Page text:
Barriers and Facilitators of Refugees' Economic Integration in Western New York (WNY)

The Westside Bazaar, home to many refugee businesses.

Undergraduate research assistants will have the opportunity to work on quantitative or qualitative components of ongoing study, gaining valuable research skills while working with people from diverse cultural backgrounds.

Project description

Refugees are economically vulnerable, even in comparison with other foreign-born populations. While many immigrants enter the U.S. after preparing for their migration by studying English and gathering needed credentials for employment, refugees are forced to move with little or no preparation (Adserà & Pytliková, 2016). Refugees tend to have poor English proficiency and may be placed in geographic locations with weak ethnic communities (Chiswick & Lee, 2006). Refugees with poor English proficiency rarely receive needed employment services and training (Shutes, 2011).

Despite these challenges faced by refugees, the US resettlement policy sets rapid economic self-sufficiency as its main goal: Refugees are urged to get a job immediately after their arrival and discouraged from making a long-term investment for economic success (United States Government Accountability Office, 2011). Accordingly, it is imperative to investigate how refugees adjust themselves in the labor market under the current policy environments. 

To fill the gap in our current knowledge, this mixed-method project examines refugees’ economic integration in Western New York in collaboration with Journey’s End Refugee Services, a local refugee resettlement agency. The goals of this project are help policy makers and resettlement agencies develop and implement policies and programs to promote refugees’ economic success by identifying barriers and facilitators of refugees’ economic integration. 

First, the qualitative component of this project will interview 30-40 refugees (both genders, both employed and unemployed) to learn their economic experience before and after they moved into the United States. The research team will conduct face-to-face in-depth interviews with refugees who can speak one of the following three languages: Arabic, Burmese, and English. Interviewees will be recruited in collaboration with Journey’s End Refugee Services. 

Undergraduate research assistants will learn how to conduct a qualitative study while assisting the research team in preparing for interviews, transcribing and organizing interview data, and analyzing interview data. In addition, undergraduate assistants will have opportunity to learn how to work with people with cultural backgrounds different from theirs. Research assistants may become co-authors of academic papers if they make substantive contribution to the project.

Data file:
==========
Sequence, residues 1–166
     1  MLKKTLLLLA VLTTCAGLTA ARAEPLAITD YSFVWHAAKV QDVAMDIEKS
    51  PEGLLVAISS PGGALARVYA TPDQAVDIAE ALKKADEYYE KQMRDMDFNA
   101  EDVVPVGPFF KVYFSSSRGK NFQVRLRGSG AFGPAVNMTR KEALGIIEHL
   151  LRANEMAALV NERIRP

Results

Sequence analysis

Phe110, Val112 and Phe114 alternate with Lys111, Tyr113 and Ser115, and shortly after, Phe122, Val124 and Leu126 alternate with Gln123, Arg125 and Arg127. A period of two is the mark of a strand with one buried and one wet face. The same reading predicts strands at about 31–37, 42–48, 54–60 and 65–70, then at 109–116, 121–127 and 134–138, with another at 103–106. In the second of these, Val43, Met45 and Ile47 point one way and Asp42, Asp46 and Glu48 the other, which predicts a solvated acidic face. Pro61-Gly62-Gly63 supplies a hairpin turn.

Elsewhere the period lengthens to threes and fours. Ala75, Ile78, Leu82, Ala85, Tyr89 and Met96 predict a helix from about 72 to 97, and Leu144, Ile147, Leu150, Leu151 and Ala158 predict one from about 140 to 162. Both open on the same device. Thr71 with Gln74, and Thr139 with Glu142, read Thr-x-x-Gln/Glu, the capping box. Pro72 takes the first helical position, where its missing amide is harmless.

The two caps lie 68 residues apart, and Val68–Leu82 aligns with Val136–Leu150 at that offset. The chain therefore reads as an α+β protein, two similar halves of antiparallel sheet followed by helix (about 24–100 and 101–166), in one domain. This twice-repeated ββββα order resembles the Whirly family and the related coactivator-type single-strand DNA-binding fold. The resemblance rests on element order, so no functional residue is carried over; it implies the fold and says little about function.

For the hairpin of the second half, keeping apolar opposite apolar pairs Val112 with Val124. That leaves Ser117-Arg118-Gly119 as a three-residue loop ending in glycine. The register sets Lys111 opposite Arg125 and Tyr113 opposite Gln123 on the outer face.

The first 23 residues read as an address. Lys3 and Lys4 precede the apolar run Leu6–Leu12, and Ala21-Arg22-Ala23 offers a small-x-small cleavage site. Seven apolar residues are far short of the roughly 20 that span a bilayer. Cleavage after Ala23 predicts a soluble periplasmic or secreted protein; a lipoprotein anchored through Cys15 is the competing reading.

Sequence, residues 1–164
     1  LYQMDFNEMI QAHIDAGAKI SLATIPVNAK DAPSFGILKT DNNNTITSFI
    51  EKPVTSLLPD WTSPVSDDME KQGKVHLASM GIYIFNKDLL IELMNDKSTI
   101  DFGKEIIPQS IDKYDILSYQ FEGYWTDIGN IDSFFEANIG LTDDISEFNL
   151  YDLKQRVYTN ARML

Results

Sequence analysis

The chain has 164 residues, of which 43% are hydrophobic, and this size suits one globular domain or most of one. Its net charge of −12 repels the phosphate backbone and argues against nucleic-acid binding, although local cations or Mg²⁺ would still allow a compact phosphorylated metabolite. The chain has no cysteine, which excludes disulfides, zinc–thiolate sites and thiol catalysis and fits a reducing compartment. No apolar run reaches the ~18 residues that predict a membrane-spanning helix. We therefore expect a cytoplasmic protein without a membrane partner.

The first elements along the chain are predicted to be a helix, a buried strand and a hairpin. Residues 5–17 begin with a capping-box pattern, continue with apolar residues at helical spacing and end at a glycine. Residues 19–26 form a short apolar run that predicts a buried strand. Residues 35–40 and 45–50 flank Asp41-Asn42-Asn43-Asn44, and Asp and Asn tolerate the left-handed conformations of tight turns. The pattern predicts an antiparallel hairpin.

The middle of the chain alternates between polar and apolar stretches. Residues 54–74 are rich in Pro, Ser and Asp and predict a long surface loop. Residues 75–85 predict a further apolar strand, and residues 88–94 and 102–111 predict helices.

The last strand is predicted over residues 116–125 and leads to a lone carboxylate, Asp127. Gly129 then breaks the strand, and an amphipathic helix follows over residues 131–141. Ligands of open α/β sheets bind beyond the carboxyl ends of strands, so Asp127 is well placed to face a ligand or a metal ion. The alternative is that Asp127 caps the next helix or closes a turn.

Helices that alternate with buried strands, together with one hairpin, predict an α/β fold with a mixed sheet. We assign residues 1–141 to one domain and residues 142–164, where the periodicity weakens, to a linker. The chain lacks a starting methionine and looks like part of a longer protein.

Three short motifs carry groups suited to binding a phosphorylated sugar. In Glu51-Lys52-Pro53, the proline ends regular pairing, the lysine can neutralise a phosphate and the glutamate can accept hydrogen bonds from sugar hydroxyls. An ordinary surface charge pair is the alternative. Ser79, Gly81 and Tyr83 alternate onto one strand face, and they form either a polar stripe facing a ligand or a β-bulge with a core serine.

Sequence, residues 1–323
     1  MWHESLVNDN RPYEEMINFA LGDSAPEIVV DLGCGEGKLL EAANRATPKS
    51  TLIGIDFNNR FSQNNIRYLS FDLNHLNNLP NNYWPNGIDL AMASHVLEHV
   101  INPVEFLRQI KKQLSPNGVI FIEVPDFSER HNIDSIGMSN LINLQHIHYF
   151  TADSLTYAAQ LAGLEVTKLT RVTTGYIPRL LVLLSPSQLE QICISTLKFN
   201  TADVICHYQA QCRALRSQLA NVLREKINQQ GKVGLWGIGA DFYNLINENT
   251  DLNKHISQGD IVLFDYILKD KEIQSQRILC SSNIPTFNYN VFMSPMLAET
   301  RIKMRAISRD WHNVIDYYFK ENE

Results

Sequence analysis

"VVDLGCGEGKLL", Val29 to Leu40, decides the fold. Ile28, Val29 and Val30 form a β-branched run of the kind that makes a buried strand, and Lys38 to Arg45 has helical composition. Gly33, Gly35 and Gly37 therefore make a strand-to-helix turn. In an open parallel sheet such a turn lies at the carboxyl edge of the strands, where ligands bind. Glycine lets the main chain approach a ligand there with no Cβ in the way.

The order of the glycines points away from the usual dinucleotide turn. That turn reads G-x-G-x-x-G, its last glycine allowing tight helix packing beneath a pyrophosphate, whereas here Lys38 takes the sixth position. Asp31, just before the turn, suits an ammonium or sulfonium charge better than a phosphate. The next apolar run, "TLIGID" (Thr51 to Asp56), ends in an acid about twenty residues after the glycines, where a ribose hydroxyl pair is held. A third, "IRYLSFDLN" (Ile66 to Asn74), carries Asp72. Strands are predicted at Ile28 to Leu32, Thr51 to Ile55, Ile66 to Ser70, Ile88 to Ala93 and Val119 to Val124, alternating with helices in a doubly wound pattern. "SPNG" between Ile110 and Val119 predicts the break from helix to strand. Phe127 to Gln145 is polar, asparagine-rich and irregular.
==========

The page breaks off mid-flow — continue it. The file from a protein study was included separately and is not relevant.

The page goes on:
Second, the quantitative component of this project uses the Census Bureau’s American Community Survey (ACS) data to investigate the relationship between language isolation and refugees’ employment and labor market outcomes. Undergraduate research assistants will assist the research team with data work, library research, and writing academic papers. Undergraduate research assistants will learn various quantitative study skills including data management and statistical software skills.

Undergraduate research assistants can work on only one component of study (either qualitative or quantitative) or both components depending on his/her interests.

Project outcome

The specific outcomes of this project will be identified by the faculty mentor at the beginning of your collaboration. 

Project details

Timing, eligibility and other details
Length of commitment Variable
Start time Fall, Spring, Summer
Level of collaboration Variable
Benefits Academic Credit, Volunteer
Who is eligible Ability to work independently and responsibly, Respect to different cultures, Willing to learn new skills
Support Funding is available after the completion of the preparation badge. See below.
Truman and Fulbright Scholarships

Students participating in this project might be interested in and eligible for the Truman Scholarship and the Fulbright Scholarship. Connect with the Office of Fellowships and Scholarships to learn more.

Project mentor

Yunju Nam

Associate Professor

Social Work

658 Baldy Hall

Phone: (716) 645-1255



To engage with this project, you will work through a series of Project-Based Collaboration digital badges to guide your experience. 

To get started, contact the project mentor using the contact information above to discuss availability and after you’ve received approval, you can start the Project Preparation Digital Badge. Here are helpful tips on how to contact a project mentor

Preparation guidance

The specific preparation activities for this project are being finalized by the project mentor. Once they are finalized, this section will be updated. In the meantime, please reach out to the project mentor to confirm what specific preparation activities you should complete for the Project Preparation Digital Badge.